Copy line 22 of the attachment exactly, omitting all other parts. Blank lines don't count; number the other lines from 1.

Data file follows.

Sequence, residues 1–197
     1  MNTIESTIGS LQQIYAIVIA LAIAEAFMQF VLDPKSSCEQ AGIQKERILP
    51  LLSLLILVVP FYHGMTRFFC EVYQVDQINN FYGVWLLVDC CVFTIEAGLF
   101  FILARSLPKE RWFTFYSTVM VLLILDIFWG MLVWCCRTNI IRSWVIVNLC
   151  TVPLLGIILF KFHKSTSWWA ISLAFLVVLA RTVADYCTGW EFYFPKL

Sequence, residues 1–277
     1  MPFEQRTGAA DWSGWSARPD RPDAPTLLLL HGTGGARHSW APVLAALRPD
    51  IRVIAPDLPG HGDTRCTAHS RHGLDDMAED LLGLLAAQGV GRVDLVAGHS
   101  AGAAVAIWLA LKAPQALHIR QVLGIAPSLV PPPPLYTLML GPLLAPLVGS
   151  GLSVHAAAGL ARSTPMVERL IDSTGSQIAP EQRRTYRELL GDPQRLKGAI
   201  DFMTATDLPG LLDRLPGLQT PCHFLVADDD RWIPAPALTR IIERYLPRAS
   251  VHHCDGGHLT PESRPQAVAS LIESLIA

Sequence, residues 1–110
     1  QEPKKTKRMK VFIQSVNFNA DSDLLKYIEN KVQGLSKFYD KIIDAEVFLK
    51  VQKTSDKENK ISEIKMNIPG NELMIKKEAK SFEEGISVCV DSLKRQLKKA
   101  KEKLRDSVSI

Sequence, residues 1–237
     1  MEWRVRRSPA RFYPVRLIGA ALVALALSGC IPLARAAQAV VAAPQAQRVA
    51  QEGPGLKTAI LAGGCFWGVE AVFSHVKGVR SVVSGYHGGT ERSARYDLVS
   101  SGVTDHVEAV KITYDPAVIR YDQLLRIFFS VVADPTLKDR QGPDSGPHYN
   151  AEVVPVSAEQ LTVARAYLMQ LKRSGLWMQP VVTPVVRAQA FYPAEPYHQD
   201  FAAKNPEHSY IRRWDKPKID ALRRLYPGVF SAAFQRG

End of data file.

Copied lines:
   201  FAAKNPEHSY IRRWDKPKID ALRRLYPGVF SAAFQRG